Somewhere in the middle of my first head cold in umpteen years, I lost my hearing. Well, not entirely, because every supine night and into the following day I could hear my stomach gurgle, my heart beat, and the butterflies that had found their way into my ears.

My daughter and anyone I encountered – especially those who were masked – had to repeat themselves more than a few times.  She became my Annie Sullivan. The phone sounded like Pluto calling. After a series of medical appointments, I was assured that whatever was left of my normal hearing would be restored.

All this to say I have a new appreciation for those who have hearing challenges, limited vision, and blindness. Our fast-paced, lousy healthcare services aren’t really prepared for anyone with almost any limitation. And hats off to those volunteer and non-profit agencies who have picked up where expensive, limited services or no help at all exists.

I’m working on my healthcare memoir and just finished a chapter that includes my old boss, Barry. He is an amazing man – blind from birth, Yale law school, the CEO of several companies, a financial rainmaker extraordinaire until he took his consulting company to New Orleans. The short version is – he was tried and convicted of money laundering and fraud (in dispute, especially given New Orleans style justice). He was sentenced and served 20 months in a medical-prison facility, with his first weeks in solitary confinement. I’ve never stopped thinking about him and what that would have been like.

And, I’m thinking about my mother who wore hearing aids – an early version – and would turn them down or off whenever we ate in restaurants. The background noise she couldn’t tune out kept her from fully participating with me and my daughters when we were together. I became her Annie Sullivan and sometimes put my hand on her arm to bring her back into the gathering. She said she liked the total silence when she was at home; I felt a few times I was losing it. I started signing to my daughter! “Oh, right. You can hear. I’m the one who can’t.” As for my independence, I stopped driving out of fear I might not hear a warning voice or a siren.

Today I heard the car’s turning directional tick-tick for the first time since early June running errands in the car.


If you’re around my age or much younger (for other reasons), you know what’s next – hearing aids. I’m not alone – 2/3 of people over the age of 70 experience some form of hearing loss. And despite that, only 20% of people use hearing aids. Gee – what’s stopping them?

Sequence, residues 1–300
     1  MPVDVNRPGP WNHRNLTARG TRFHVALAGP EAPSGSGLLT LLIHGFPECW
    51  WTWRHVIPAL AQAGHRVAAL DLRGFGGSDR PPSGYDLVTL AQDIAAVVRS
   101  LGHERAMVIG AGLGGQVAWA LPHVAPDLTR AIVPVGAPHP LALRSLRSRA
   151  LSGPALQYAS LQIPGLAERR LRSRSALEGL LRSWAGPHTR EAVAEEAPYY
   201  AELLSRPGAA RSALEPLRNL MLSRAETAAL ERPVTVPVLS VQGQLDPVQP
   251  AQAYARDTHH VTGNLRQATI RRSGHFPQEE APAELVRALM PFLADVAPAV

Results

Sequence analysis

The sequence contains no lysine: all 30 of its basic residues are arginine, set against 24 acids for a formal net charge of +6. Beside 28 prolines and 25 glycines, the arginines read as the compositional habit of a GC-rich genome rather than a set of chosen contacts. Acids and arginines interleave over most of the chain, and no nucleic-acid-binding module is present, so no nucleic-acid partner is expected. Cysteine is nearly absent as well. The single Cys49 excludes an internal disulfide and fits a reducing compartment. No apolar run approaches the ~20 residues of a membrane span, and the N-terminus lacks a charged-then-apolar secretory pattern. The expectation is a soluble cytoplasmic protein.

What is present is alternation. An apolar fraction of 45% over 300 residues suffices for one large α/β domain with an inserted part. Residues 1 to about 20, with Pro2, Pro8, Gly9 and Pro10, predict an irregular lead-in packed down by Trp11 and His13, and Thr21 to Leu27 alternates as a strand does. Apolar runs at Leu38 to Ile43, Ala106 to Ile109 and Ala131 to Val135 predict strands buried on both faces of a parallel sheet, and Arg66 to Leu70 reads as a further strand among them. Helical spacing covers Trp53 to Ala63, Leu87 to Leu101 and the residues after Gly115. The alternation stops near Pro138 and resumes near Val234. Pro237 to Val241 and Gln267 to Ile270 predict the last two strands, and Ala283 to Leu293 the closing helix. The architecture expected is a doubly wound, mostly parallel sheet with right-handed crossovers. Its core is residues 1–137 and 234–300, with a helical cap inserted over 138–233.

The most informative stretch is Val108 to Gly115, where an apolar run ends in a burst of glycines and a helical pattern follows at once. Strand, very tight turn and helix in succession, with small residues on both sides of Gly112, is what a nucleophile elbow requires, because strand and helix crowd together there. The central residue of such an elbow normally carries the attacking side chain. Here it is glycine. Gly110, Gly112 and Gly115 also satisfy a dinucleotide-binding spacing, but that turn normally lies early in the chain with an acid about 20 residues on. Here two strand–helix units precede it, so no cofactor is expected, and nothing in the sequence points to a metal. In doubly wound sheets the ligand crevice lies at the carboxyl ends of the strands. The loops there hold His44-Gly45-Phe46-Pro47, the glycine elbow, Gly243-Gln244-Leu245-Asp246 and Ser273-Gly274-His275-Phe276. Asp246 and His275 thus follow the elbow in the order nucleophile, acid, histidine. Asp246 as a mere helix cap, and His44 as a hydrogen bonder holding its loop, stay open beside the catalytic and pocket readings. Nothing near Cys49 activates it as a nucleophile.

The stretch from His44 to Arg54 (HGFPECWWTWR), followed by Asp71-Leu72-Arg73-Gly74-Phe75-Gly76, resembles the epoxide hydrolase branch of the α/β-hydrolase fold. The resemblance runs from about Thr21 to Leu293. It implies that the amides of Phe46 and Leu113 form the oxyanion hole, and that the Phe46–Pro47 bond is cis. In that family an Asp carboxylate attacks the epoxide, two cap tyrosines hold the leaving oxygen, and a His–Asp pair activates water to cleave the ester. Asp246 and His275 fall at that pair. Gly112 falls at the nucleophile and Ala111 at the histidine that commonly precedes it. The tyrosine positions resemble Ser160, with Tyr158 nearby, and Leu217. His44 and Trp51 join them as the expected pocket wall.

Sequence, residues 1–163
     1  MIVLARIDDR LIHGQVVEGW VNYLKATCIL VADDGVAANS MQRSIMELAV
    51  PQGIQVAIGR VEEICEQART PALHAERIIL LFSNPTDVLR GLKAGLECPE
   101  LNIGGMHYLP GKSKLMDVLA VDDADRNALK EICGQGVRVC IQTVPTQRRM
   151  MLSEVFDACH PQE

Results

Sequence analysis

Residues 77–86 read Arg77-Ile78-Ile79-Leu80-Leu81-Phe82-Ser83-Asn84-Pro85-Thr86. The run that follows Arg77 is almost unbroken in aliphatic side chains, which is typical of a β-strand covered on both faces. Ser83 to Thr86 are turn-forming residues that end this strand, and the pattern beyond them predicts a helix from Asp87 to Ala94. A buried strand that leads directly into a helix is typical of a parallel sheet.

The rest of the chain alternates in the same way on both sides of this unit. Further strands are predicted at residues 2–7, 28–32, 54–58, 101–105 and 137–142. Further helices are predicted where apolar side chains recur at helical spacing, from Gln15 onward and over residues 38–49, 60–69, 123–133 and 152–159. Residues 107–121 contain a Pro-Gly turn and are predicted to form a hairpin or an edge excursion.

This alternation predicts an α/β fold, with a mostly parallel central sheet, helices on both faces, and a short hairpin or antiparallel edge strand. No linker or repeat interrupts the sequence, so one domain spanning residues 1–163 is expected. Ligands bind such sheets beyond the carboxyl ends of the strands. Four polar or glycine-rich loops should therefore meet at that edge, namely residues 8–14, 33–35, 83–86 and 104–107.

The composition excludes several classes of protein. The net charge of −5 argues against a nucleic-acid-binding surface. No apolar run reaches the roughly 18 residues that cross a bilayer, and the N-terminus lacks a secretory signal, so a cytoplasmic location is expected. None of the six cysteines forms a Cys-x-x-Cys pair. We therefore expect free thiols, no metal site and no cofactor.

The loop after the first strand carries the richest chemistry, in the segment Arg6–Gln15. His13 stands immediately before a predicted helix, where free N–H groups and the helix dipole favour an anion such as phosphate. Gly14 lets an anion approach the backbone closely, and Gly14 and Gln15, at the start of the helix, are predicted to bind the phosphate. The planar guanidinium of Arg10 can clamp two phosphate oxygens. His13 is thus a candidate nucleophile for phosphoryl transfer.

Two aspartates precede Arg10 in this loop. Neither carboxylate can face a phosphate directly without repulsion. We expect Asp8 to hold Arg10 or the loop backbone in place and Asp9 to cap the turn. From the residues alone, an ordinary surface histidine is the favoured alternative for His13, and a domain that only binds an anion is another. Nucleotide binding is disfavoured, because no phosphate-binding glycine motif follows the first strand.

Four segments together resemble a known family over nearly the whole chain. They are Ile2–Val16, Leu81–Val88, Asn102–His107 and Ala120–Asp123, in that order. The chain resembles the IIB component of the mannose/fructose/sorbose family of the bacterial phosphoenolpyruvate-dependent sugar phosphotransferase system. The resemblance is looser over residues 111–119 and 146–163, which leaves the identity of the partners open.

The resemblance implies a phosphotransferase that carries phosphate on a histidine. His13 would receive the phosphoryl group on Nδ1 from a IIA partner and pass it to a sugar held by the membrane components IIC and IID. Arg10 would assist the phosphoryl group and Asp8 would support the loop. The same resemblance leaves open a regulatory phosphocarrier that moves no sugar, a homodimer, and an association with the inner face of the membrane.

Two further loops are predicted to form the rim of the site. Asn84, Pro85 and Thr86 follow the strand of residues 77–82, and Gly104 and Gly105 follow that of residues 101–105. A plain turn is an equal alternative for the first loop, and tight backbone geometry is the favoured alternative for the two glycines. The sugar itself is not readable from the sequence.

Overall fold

The average cost is $4800 per pair. And, Medicare and Congress haven’t gotten around to making them affordable or a covered benefit. You have to have some kind of retirement income – university, pension, etc. – before there’s any help with the cost.

And, now I learned from several sources why the excess cost – pure profit and restricted competition. The key players are five firms that own 90% of the market. They keep the prices high in three ways: they pool their patents and exclude others from entering; they use vertical integration – one firm owns the product up and down the supply chain; and they associate with networks of audiologists and hearing aid specialists. Ka-ching!!!

In 2017, Senators Warren and Grassley led the fight and passed a bill titled the Over-the-Counter Hearing Aid Act – mandating the FDA to allow hearing aids without a prescription. The FDA’s deadline was 2020 but so far it’s been hurry up and wait. And never fear, the big five spent $1.2 million on lobbying during the 2022 cycle. If and when it happens, the big-five will set big limits on the products and the decibels allowed. It’s all about safety the lords of hearing claim but Stephanie Czuhajewski, the executive director of the Academy of Doctors of Audiology has this to say: “The only way you’re going to die from using a hearing aid is if you eat it.”

Until Congress gets off their privileged butts and makes hearing happen for the rest of us, this is the best I could find in the way of an absolute truth. My heartfelt gratitude to my daughter and my thanks to everyone who had to repeat themselves more than a few times.

Photo credits: What did you say? – Jason Rosewell; Hear the Joy – Mark Paton; Old Cash Register – evergreens and dandelions.